The California Air Resources Board has extended its time frame for developing new ag motor rules from one year to two years, and announced new rules will apply, at least initially, only to the San Joaquin Valley.
The good news is that San Joaquin Valley growers, by taking advantage of co-funding opportunities through the San Joaquin Valley Air District, the state (including Carl Moyer funding), and USDA-NRCS to buy tractors and other equipment with higher Tier II and Tier III motors, helped the state meet requirements of a 2007 State Implementation Plan to reduce NOx emissions for ozone in the San Joaquin Valley.
Growers in the Sacramento Valley also received a bit of good news as ARB announced it will focus new ag motor rules and requirements for cleaner burning motors, at least initially, on the San Joaquin Valley. But those growers may still want to pay attention to the current regulatory process as it is setting a precedent for a new way of achieving air quality goals nationally.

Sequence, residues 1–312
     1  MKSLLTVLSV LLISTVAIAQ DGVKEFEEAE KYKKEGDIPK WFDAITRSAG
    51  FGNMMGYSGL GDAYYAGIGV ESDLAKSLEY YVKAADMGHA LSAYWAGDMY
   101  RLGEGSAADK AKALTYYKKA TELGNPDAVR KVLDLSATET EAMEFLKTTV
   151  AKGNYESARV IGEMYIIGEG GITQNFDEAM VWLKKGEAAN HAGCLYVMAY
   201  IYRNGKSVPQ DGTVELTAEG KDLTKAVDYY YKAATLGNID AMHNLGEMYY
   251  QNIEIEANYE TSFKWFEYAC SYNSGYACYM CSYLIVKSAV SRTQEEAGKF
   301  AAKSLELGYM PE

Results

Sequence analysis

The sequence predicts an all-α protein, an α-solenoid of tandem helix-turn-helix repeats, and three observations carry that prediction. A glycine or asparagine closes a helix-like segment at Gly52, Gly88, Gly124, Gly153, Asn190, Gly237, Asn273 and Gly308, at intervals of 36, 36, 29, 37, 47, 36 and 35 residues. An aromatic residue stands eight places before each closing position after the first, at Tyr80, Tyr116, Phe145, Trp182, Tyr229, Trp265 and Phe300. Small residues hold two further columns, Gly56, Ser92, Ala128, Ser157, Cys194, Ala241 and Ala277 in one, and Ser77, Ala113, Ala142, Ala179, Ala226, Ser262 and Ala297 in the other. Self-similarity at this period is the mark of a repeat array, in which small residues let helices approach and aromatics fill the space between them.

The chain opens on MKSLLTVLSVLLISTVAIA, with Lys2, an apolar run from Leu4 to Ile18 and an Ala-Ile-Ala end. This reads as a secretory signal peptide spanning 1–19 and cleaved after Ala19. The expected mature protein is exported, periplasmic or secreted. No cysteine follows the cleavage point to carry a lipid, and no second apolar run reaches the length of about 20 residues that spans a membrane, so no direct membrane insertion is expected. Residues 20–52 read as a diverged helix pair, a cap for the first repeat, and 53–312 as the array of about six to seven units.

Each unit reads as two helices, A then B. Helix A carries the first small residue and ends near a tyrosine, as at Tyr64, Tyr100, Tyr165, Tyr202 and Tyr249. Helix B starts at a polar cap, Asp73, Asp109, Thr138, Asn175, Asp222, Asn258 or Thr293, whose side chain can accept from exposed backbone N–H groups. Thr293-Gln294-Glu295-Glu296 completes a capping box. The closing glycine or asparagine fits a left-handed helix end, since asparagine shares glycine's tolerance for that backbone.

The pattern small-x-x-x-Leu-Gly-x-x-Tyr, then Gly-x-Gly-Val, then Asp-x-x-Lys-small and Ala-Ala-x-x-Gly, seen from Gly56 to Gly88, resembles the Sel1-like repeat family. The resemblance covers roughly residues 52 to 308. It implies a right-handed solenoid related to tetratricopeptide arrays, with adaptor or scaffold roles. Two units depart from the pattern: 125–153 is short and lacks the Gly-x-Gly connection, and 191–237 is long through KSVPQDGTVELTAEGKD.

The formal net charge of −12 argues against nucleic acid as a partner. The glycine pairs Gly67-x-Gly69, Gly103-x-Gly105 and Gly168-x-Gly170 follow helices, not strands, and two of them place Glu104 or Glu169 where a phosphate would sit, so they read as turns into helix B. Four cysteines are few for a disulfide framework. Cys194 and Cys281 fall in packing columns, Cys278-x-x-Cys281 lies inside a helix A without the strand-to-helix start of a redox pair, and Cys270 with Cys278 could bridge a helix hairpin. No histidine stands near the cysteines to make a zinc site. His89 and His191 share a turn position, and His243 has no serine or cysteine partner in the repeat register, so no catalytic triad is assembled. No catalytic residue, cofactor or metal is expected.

The approach of providing incentives rather than just mandating changes is new to the Clean Air Act process, and California now needs to show how it will reliably account for the success of incentive programs. To that end, the Air Resources Board will hold a series of public meetings in mid-March to discuss draft regulations for accounting for incentive-based contributions to air quality improvements from ag motors.
Workshops will be held March 14 from 1:30 to 3:30 at the SJV Air Pollution Control District Fresno office, with video feed to Modesto and Bakersfield offices; and March 15 from 1:30-3:30 at the ARB/CalEPA offices in Sacramento, with a webinar option.
San Joaquin Valley growers should stay tuned as ARB develops a SJV-only ag motor rule. This new round is intended to meet more stringent ozone standards passed in recent years by U.S. EPA. To meet this new NOx standard, ARB and the San Joaquin Valley Air District will develop a 2015 State Implementation Plan over the next two years.
Agencies will focus on developing requirements and strategies, including additional cost-share incentives for the San Joaquin Valley, to bring the state into compliance with the new standard within the next two decades. The San Joaquin Valley Air District has calculated that it will need to reduce NOx emissions from all sources by 80–90% in order to meet the new federal standard.